With the lighting of the ceremonial torch in Sochi, Russia last Friday night, the 22nd Winter Olympic Games have officially begun. Beyond capturing the world's attention throughout the month of February, these Olympic Games, like other major sporting events, have profound economic and political effects that resonate throughout the entire international system. Therefore, as the world's eyes turn towards the showcase of some of the world's finest athleticism taking place in Sochi, this post will explore some of the less eye-catching, yet equally significant, aspects of events like the Sochi Olympics and their unique place within international markets and politics.
To begin with, countries competitively bid millions of dollars to host major events like the Olympic Games or the FIFA World Cup for various economic and political reasons. For example, with a developed country like Germany, which hosted the Olympic Games in 1972 and the World Cup in 2006, there is a major economic incentive to host such events due to the existing infrastructure that already exists and is needed for effectively hosting events with millions of international visitors. Due to already having modernized infrastructure, such as world-class stadiums, efficient public transportation systems, and sufficient hotels & restaurants for international visitors, the economies of developed host countries, like the United States who recorded a positive economic impact of over $4 billion USD after hosting the 1994 FIFA World Cup, are provided with an opportunity to create jobs and boost the country's economy without having to implement costly and large-scale infrastructure development projects.
For developing countries, however, hosting the same events comes at a significantly higher price. As economic, political, and cultural globalization has continued to progress and empower developing nations, there has been a noticeable trend in BRICS economies hosting large events in the 21st century, such as the 2008 Summer Olympics in China, the 2010 World Cup in South Africa, these Winter Olympic Games in Russia, and both the 2014 World Cup & the 2016 Summer Olympic Games being hosted in Brazil. What is surprising about this trend is that it makes very little sense from an economic perspective. Although more will be discussed on this topic in an upcoming blog during this series, the heavy investments that these developing countries have had to do in order to meet FIFA or Olympic Committee standards have resulted in little or no economic profit for these host countries. Clearly, the motivation to capture the world's attention lies elsewhere.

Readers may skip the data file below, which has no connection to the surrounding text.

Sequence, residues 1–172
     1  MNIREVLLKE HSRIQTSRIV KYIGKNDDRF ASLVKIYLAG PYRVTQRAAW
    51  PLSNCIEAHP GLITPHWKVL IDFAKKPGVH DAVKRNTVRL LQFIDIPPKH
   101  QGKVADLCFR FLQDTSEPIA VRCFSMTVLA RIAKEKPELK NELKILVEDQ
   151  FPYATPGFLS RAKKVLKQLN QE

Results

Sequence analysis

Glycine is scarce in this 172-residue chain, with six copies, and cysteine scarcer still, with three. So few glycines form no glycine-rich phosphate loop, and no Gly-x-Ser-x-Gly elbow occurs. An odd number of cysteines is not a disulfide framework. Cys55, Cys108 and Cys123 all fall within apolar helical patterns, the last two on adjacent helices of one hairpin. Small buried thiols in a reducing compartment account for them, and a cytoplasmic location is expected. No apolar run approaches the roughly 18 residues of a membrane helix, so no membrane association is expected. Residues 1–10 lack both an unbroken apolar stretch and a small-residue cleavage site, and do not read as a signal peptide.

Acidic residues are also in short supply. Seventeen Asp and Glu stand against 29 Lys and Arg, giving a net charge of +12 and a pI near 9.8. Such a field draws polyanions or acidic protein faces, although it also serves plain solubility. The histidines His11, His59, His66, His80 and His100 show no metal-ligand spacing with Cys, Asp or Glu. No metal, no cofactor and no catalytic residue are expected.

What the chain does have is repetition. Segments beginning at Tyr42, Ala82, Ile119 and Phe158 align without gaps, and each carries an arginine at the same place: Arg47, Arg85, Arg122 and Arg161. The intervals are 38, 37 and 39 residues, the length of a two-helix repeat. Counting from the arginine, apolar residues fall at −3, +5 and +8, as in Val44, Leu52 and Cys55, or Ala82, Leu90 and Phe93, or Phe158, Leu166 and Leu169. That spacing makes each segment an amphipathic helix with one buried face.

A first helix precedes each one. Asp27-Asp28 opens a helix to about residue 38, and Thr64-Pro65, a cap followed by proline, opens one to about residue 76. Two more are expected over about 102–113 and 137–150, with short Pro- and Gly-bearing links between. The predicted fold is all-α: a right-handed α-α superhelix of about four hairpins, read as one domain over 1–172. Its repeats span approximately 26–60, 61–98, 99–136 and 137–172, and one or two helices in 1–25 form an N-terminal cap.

For those readers unfamiliar or confused by the term "international political economy," the past ten years of global games have provided excellent and clear case studies of how political agendas, global markets, and sports have fused together to make a significant impact on the international system. Russia has reported spending $51 billion USD on hosting these games, which contrasts sharply with the Vancouver Games that cost merely $6 billion USD, but the political motives appear worth the price. Capturing the world's attention for a month provides Russia, as well as the other developing countries listed above, the priceless chance of showcasing to the world their country's advances in economic modernization, attractive cultural traits, and greatly improving the international system's perspective of the host nation. The Chinese desired to be seen as one of the world's great powers, South Africa wanted to be viewed as the leading nation of the "African Renaissance," while Russia is clearly aiming for demonstrating to the world its advances as a nation in the post-Soviet Union era. Aside from hoping to draw more international business into their country following the games, these nations' have also desired an increased role in the international arena from both a political and economic standpoint, and have viewed hosting major sporting events as a key component of achieving these aims.
So, in conclusion, many of Russia's political and economic hopes are riding on the outcome of these games. With investments reaching over $50 billion USD, President Putin, like many other leaders of developing economies, has effectively gone "all-in" for a chance to immensely boost Russia's economic and political stance in the international system through a successful implementation of these Winter Olympics. Ladies and gentlemen, let the games begin.